Reviewed by Jason Plante
You may not realize how much you depend on your major appliances until one of them breaks down at a crucial moment: a dryer that won’t dry your child’s team uniform right before the big game or the oven quits as you’re roasting the Thanksgiving turkey.
Calling a repairman is usually costly, but necessary when disaster strikes. However, you can ward off the repairman – think of eating garlic to keep Dracula at bay – by doing some simple preventive maintenance on a regular basis. It doesn’t require mechanical genius; it simply calls for time and effort. You’ll help prevent upsetting breakdowns and extend the lifetime of your appliances at the same time.
First and foremost, when you buy an appliance, read the instruction manual that comes along with it. The manual will advise you about the “care and feeding” of your new possession, give you an estimated lifetime and offer tips for extending that lifetime. It’s worth designating a desk drawer or a file in your filing cabinet to instruction manuals so you can always lay your hands on them when they’re needed.
Each of your appliances has different preventive maintenance requirements. Do them as suggested and you’ll undoubtedly avoid major disasters.
Clean the condenser coils with a vacuum to remove dust, dirt and pet hair. Or, if you prefer, clean them with soap and warm water and dry them with a towel or a sponge. If the coils are caked with dirt, the refrigerator must work harder to chill food, increasing the electricity needed to run the unit and upping your bills.
Check the seal on your refrigerator to ensure that it is tight. The seal is responsible for the refrigerator’s efficiency, so if it’s leaking replace it.
Clean or replace the water filter in your fridge to ensure that impurities and contaminants are being removed. Generally, all that’s required is turning the filter a quarter of an inch and locking it in place or popping it out. Do this every three to six months, depending on how much water you drink.
A refrigerators lifespan is usually around 13 years, while freezers last 11 to 12 years if you take proper care of them.
Maintenance for stoves and ovens is fairly straightforward. The most important thing is to keep the appliance clean. Here’s a video from RepairClinic.com that offers a quick explanation for how to clean your range, stove, or oven:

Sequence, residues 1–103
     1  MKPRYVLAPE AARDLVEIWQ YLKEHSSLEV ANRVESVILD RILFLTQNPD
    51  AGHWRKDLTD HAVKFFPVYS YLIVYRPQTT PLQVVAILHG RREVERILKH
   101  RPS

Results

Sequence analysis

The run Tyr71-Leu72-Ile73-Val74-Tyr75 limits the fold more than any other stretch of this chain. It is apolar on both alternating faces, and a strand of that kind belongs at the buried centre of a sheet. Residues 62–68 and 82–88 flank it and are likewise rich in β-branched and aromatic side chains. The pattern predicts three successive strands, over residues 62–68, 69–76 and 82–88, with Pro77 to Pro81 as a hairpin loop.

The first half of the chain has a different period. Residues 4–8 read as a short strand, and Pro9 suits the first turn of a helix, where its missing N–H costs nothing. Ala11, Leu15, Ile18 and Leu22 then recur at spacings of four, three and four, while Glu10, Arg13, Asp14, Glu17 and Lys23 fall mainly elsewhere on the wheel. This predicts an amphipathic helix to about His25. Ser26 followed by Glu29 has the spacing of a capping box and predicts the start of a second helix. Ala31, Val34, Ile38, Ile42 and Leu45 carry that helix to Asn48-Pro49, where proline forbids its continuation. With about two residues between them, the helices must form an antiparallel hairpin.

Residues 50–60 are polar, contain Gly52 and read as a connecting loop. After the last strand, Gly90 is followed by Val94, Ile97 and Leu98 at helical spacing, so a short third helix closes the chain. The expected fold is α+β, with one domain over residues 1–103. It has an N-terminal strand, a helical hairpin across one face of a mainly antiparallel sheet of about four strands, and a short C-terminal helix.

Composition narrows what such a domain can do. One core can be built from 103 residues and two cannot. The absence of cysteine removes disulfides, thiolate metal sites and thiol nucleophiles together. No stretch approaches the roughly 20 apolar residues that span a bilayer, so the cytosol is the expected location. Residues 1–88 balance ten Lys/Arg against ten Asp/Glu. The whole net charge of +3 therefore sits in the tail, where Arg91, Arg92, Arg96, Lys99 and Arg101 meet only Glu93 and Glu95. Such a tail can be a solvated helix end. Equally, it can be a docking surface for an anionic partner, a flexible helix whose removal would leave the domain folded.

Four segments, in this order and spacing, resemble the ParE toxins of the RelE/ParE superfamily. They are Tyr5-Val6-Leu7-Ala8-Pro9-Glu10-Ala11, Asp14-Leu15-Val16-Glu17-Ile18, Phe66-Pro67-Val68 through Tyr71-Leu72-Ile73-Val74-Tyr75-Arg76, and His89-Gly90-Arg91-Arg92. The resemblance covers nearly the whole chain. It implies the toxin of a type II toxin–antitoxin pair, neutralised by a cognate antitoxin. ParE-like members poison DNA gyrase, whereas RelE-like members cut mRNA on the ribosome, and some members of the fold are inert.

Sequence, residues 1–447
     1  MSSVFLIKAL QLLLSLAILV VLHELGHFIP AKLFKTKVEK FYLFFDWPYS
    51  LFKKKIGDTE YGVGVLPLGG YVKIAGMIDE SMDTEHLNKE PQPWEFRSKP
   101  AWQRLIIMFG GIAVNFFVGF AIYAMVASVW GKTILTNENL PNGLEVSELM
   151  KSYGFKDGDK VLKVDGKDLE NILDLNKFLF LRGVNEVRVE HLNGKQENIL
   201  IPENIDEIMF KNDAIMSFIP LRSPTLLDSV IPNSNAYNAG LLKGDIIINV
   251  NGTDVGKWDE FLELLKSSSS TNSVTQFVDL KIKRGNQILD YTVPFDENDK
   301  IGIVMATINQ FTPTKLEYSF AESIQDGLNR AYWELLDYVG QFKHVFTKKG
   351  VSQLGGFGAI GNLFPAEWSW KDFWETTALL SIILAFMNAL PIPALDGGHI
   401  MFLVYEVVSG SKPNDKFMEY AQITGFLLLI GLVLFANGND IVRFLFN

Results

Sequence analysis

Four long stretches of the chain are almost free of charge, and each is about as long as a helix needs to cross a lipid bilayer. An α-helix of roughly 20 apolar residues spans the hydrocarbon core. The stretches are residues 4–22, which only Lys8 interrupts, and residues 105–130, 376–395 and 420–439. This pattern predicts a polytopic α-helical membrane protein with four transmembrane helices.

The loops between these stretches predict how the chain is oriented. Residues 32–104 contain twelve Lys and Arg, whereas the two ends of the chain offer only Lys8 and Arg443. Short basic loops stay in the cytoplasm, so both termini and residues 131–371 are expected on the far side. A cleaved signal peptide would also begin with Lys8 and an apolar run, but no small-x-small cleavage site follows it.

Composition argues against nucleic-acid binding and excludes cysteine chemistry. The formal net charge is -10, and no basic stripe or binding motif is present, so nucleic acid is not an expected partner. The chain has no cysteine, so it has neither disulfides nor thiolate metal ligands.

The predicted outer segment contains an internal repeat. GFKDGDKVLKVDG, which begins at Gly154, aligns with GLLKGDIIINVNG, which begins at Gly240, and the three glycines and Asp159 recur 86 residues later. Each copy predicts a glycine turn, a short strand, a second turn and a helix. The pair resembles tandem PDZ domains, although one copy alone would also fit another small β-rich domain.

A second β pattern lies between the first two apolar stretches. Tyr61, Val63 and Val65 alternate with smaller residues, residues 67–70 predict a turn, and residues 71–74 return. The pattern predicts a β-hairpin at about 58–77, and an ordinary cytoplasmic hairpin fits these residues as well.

Electric stoves should last about 13 years, while gas stoves live to a ripe old age of 15 if they’re cared for.
Clean your electric stovetop to avoid food and dirt buildup and prevent it from overworking. Twice weekly applications of glass cleaner are best for glass stovetops. Use mild soap and warm water on burner models, cleaning the removable parts and the area around the burner. You’ll avoid fire hazards and prevent poor heating. For gas stoves, clean the grills with soapy water and clean up spills from the burners to prevent the ports from clogging and reducing the stove’s efficiency.
Ensure that the seal around your oven door is tight, or your oven can lose up to 20 percent of its heat. Locate the gasket, whether rubber or fiberglass and run over it to detect any malformed, broken or torn spots. If you find any, replace the seal.
And clean them up immediately if you’re baking them in your oven. Repairmen suggest that cleaning spills quickly and using drip pans are preferable to using the oven’s electric cleaning function.
Range hood filters or downdraft vent filters need cleaning or replacement. Metal mesh grease filters can go into the dishwasher, or you can wash them by hand with soapy water. Replace any paper or charcoal filters.
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Expect your dishwasher to last for about nine years.
Keep the door gaskets and bottom edge clean so leaks don’t occur. Water and bleach do the trick.
Clear out any objects around the spray arms or pump area so they don’t clog the drainage system.
Clean the filter, removing debris and any deposits left by hard water.
Remove rust from the tines of your dishwasher racks or you may find marks on your dishes and silver. You can purchase a tine repair kit for this purpose.
Your washer should last about 11 years if it’s a front-loader and 14 if it’s a top-loader.
Don’t slam the door on your washer or dryer or you could break the switch.
Check for leaks, cracks or weak spots in the hoses to prevent flooding. Even if you don’t find any, replace them every five years. Steel clad hoses are sturdier.
Don’t overload your washer or you risk wearing out the motor.
Check clothes pockets for paper, coins or other forgotten items before you run the wash. Foreign items lodged in the washer can cause problems.
Expect your dryer to last 13-14 years with good care.
Clean out the dryer’s lint filter with a paper towel or a brush after each load. Leftover lint can be a fire hazard if it collects in the burner area or around the heating element.
Remove lint from the dryer’s exhaust at the rear of the dryer. Loosen the clamp and remove the exhaust. Use your hands to pull out clumps of lint from the hole and the tubing. Vacuum the exhaust before putting it back in place.
Be sure to have the outside dryer vent checked annually.
If you follow these guidelines, the chances are that your appliances will remain in good condition and last longer.
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